Archive - News Article
November 16th, 2010
Catawba County is one of two counties in the country chosen for a $30,000 grant from the National Association of Counties (NACo) and Motorola.
The funding will be used at the county's EcoComplex and Resource Recovery Facility to provide broadband capacity for real-monitoring between the site and its partnered universities and businesses.
"There's a lot of research that's going on, and there's a lot of data being developed," said Lee Worsely, assistant county manager, on Monday at the Catawba County Board of Commissioners meeting.
Elisa Baker's bond will not be reduced, if the District Attorney's Office has its way.
District Attorney Jay Gaither said Tuesday his office will fight Elisa Baker's request for a lower bond.
"As this point, we plan on arguing that the bond will not be reduced," Gaither said.
Elisa Baker filed a motion Monday to reduce her bond on a felony obstruction of justice charge.
A North Carolina woman created a Facebook page to honor Zahra Baker in the hope that no child will suffer like Zahra did.
Kristie Austin Pope, 40, of Stokedale, started The Zahra Project on Facebook to achieve change within the Department of Social Services.
Pope and her husband watched the news coverage of Zahra's case, and the reports of abuse and neglect hit a nerve for Pope.
She watched people step into the media spotlight claiming they knew Zahra was being abused, but did nothing to stop the abuse.
Zahra Baker's stepmother told law enforcement that the 10-year-old child was dismembered and spread across Caldwell County. Now, after leading police to critical evidence, she is hoping her cooperation will sway court officials toward reducing her bond.
Birthdays are a time to celebrate life, and today is Zahra Baker's 11th birthday.
The Children's Protection Council will hold a candlelight vigil Tuesday to honor Zahra, the child whose struggle with cancer and reported abuse captured the hearts of people worldwide.
"It's a recognition of Zahra being part of our community and our community being overwhelmed by the possibilities of what could have happened," said Adrienne Opdyke, Children's Protection Council vice chairwoman.
Raindrops fell Monday on Zahra Baker's former residence in Hickory, but a newly added plastic tarp kept the ever-expanding memorial for the 11-year-old dry. Balloons, stuffed animals, angel ornaments and hand-written letters encircle a tree in the front yard of Zahra's former home, located at 21 21st Ave. NW. The plastic tarp that covers the memorial is held down with pieces of wood to ensure nothing is damaged by the rain scheduled to arrive in the coming days.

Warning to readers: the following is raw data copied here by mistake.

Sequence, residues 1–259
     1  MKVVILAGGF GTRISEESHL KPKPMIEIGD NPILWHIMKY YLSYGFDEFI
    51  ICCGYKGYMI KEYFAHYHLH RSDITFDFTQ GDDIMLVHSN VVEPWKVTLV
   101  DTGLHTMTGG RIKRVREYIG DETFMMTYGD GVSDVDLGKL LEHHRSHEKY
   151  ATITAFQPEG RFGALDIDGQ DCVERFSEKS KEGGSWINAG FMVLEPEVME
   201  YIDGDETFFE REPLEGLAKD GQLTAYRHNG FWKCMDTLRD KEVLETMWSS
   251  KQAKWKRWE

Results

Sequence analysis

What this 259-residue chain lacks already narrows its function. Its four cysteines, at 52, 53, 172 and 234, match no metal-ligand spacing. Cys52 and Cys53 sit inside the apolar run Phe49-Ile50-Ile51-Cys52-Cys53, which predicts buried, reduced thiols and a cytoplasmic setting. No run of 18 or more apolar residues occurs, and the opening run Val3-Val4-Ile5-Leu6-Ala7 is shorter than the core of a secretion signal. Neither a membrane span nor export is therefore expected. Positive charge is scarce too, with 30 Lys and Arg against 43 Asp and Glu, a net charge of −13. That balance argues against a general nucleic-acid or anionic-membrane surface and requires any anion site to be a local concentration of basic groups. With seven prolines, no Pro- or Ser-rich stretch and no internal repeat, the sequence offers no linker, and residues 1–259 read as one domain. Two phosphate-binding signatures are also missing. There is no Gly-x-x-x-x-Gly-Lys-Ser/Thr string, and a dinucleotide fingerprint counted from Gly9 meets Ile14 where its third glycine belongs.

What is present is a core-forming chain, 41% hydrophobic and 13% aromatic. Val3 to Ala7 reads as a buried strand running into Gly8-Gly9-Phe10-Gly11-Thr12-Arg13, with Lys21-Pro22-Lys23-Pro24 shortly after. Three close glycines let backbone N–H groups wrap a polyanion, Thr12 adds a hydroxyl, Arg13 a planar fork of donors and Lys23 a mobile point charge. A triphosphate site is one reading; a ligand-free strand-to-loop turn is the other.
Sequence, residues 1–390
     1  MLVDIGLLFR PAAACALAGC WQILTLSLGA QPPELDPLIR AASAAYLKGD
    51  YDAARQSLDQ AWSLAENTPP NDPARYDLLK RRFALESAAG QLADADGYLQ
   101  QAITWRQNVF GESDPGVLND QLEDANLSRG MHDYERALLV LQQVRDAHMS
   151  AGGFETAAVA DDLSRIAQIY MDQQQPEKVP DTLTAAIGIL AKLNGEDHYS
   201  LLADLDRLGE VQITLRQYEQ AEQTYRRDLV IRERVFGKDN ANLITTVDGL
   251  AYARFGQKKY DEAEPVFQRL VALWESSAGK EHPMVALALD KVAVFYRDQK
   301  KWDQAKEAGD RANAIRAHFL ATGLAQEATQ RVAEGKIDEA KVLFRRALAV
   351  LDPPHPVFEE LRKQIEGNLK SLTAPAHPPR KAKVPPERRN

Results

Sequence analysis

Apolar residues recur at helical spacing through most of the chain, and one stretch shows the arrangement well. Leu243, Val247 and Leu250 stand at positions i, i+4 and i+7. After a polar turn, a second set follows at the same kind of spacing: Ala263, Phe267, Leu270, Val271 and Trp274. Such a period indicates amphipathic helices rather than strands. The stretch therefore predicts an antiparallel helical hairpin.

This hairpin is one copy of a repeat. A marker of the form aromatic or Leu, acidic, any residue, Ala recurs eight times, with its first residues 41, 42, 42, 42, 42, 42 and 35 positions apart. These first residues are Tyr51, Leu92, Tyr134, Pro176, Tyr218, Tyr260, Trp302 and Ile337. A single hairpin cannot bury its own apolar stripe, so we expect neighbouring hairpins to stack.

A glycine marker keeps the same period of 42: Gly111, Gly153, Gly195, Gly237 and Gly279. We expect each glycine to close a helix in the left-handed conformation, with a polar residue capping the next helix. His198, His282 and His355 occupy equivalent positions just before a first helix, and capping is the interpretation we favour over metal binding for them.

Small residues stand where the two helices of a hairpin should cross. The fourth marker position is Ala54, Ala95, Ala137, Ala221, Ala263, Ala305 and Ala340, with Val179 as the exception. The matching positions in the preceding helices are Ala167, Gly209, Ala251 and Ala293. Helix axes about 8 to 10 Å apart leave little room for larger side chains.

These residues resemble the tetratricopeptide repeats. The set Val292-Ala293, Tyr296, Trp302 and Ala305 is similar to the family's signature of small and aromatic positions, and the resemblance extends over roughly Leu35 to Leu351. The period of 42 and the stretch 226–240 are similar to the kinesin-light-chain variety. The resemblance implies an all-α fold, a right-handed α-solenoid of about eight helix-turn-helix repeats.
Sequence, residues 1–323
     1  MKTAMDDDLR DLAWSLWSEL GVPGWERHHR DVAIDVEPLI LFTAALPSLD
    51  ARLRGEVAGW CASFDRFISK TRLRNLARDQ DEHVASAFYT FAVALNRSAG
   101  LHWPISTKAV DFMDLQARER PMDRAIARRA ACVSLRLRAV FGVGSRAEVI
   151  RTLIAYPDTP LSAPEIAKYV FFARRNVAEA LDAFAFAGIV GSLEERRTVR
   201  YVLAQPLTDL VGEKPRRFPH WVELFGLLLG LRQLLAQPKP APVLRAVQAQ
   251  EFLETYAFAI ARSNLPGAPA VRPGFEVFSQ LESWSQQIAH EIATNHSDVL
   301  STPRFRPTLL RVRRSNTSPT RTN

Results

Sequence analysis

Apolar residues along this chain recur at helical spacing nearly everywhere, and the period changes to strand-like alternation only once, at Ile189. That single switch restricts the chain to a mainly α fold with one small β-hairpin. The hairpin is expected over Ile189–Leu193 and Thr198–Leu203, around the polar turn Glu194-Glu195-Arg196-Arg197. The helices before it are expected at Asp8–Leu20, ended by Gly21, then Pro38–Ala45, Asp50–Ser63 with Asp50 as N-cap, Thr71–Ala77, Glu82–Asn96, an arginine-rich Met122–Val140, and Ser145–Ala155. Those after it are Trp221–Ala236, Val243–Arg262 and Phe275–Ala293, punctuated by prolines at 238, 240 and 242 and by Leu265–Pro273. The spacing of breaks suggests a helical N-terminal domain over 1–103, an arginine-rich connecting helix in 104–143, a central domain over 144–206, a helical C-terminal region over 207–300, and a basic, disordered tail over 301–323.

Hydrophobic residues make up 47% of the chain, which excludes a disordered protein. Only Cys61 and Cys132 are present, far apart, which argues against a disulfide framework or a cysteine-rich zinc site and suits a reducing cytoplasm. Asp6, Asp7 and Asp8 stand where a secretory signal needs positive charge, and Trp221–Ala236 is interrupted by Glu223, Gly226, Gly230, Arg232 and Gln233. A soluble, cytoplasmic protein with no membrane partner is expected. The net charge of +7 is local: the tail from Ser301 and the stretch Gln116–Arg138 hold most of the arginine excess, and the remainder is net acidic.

Another boat owner is a victim of a three-week crime spree in Sherrills Ford.
Todd Christopher Goodykoontz, 40, of Sherrills Ford, reported Nov. 8 that an unknown suspect stole 25 gallons of gasoline from his boat. The vehicle was docked in a community area in the 2300 block of North View Harbor in Sherrills Ford.
According to the Catawba County Sheriff's Office incident report, the victim discovered the larceny Oct. 15.
2:30 a.m. Oct. 9
Elisa Baker, Zahra's stepmother, claims she saw Zahra sleeping in her bed.
5:30 a.m. Oct. 9
A brush fire is reported in the backyard of the Zahra's residence, located at 21 21st Ave. NW in Hickory.
A Hickory Police officer notices the smell of gasoline coming from a Chevrolet Tahoe parked on the property and finds a hand-written ransom note demanding $1 million in unmarked bills.
2 p.m. Oct. 9
Zahra is reported missing, and police issue an Amber Alert.
12:45 p.m. Oct. 10
It was the outcome no one wanted but everyone expected.
Police recovered enough physical evidence to believe they located the remains of Zahra Baker, the 10-year-old girl reported missing more than a month ago.
Hickory Police Chief Tom Adkins announced Friday during a brief press conference that a bone located last week on Christie Road in Caldwell County matches a DNA sample taken from inside Zahra Baker's home.
The holiday punch bowl was always a source of struggle for Owen "Buddy" Shoup.
Shoup struggled with alcoholism and addiction, and his family's punch bowl tempted him to start drinking again. To help encourage Shoup's sobriety, his mother made a nonalcoholic beverage for Shoup and placed the beverage in a smaller bowl beside the family punch bowl.
Shoup battled his alcoholism step by step and day by day.
"That little dish eventually became the whole punch bowl," he said.